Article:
Multivitamins delay HIV progression in pregnancy

September 1, 2004

09/01/2004

Simple, over-the-counter multivitamin supplements containing vitamins B, C, and E taken daily can delay the progression of human immunodeficiency virus disease and delay the need to start antiretroviral therapy in infected women, according to researchers from Harvard University and Tanzania.

In a study that followed just over 1,000 women for approximately 6 years, researchers found that 24.7% of the women who took daily multivitamin supplements progressed to World Health Organization (WHO)-defined stage 4 disease or died, versus 31.1% of those who took placebo. In addition, the women who took the multivitamins had significantly improved CD4+ and CD8+ counts and significantly lower viral loads.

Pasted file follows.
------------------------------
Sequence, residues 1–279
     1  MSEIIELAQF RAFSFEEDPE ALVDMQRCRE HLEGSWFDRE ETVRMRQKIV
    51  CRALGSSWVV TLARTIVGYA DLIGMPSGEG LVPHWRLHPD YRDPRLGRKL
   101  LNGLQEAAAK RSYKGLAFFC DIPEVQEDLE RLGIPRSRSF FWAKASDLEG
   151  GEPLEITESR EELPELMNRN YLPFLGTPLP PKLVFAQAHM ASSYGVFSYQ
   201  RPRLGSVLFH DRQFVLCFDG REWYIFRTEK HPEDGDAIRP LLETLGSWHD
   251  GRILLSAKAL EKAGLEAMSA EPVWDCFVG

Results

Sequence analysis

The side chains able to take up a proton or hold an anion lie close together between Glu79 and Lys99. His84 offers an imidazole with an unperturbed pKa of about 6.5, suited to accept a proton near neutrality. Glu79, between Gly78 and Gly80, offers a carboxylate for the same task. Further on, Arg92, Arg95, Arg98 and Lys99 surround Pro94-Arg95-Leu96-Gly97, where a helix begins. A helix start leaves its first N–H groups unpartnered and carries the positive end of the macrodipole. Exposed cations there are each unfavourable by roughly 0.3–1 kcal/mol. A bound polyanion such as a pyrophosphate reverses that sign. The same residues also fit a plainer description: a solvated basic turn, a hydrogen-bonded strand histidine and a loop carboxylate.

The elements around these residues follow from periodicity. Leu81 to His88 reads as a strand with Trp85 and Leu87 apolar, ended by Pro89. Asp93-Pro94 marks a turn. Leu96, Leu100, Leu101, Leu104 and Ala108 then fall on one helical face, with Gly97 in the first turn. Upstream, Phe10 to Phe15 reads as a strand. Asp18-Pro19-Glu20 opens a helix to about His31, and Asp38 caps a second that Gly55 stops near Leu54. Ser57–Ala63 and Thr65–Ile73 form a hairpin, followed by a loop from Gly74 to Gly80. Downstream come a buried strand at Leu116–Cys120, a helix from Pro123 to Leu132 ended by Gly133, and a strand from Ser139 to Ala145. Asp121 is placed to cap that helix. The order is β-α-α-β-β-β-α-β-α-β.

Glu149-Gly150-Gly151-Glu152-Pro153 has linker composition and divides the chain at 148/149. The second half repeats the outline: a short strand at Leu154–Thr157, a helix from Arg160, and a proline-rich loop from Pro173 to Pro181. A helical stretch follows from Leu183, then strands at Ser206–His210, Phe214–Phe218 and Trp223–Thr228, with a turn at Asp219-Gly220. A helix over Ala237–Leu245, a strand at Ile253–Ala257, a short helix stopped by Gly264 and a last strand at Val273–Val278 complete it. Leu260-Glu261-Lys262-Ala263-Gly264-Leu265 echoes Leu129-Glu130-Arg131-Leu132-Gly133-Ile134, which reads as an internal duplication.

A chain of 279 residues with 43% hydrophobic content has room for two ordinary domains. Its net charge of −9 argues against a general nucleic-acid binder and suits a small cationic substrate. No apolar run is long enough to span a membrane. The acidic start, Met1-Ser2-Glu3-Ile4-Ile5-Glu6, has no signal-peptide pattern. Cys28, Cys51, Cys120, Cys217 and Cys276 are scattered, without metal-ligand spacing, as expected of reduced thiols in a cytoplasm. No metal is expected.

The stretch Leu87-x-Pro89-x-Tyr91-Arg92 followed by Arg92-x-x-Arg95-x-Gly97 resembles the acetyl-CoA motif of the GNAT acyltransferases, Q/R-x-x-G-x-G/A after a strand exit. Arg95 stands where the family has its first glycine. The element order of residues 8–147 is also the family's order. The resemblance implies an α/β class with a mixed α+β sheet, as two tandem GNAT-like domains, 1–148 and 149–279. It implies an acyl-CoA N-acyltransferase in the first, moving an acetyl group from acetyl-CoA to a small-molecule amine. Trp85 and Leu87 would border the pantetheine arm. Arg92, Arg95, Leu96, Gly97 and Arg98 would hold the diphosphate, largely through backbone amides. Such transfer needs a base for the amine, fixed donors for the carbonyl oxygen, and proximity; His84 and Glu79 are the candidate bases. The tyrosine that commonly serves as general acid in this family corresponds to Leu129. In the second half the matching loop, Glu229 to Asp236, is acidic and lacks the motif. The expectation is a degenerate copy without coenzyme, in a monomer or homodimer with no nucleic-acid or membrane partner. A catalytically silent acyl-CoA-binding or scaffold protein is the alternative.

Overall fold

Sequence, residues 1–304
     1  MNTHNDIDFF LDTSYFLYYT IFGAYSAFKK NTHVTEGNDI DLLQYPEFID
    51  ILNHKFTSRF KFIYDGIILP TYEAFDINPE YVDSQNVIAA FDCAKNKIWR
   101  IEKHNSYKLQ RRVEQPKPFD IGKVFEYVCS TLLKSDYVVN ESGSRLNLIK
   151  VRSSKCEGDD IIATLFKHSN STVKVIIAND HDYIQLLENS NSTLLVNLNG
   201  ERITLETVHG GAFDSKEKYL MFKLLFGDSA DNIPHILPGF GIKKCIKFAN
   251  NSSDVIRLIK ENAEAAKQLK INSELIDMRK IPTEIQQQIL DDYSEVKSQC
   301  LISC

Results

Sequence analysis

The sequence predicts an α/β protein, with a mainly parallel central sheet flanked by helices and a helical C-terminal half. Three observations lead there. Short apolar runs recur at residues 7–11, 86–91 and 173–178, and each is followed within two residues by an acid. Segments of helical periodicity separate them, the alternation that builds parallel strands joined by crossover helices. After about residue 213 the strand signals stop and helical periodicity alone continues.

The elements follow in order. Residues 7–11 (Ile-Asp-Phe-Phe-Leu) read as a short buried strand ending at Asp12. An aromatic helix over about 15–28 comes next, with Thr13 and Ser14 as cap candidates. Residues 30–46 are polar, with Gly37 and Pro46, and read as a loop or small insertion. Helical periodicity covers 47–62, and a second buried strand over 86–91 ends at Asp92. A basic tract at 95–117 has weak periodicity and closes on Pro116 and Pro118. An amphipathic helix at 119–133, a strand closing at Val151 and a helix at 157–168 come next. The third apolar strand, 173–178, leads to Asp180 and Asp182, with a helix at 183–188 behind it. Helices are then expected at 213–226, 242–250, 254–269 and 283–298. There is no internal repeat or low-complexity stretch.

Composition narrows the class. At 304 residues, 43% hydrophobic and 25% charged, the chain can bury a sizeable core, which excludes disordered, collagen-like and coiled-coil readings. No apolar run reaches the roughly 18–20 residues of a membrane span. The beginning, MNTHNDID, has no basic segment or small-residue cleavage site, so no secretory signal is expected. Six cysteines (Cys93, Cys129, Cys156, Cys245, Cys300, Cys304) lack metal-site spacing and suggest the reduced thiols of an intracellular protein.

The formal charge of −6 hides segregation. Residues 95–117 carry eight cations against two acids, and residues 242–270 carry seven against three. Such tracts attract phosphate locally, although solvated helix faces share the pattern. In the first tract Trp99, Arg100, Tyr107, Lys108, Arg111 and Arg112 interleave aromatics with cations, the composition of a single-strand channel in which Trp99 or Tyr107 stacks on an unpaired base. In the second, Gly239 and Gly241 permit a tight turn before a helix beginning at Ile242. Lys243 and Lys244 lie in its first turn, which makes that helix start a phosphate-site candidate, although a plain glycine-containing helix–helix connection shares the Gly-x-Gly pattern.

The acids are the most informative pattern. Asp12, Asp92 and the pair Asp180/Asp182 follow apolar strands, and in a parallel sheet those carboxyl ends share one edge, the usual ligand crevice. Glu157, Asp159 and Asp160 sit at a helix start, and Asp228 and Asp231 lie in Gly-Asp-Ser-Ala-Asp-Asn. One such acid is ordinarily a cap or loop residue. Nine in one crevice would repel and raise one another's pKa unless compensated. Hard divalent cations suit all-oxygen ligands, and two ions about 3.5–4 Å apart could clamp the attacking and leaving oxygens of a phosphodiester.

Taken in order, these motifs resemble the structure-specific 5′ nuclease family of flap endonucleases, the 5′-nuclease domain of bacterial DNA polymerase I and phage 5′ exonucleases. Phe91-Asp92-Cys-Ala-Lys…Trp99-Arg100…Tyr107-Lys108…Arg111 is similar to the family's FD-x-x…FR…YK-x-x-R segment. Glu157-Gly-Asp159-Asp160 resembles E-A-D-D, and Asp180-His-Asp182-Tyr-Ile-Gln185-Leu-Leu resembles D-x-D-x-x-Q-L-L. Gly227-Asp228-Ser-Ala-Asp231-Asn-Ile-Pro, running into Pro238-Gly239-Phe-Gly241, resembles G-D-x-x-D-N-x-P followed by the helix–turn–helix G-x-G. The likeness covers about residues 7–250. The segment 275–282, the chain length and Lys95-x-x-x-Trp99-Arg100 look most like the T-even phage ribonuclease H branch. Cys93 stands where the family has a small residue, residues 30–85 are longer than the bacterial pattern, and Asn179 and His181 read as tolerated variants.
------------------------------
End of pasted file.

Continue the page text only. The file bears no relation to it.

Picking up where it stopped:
Adding vitamin A to the multivitamin regimen, however, actually reduced the benefits gained, and the benefits of vitamin A alone were even smaller and, for the most part, not significantly different from placebo.

While it's possible that the benefits of vitamin supplementation in Tanzanian women may not fully translate to an American population—whose diets are more nutrient dense—independent research has shown that higher doses of vitamins B, C, and E also slow down HIV progression in American patients.

Fawzi WW, Msamanga GI, Spiegelman D, et al. A randomized trial of multivitamin supplements and HIV disease progression and mortality. N Engl J Med. 2004;351:23-32.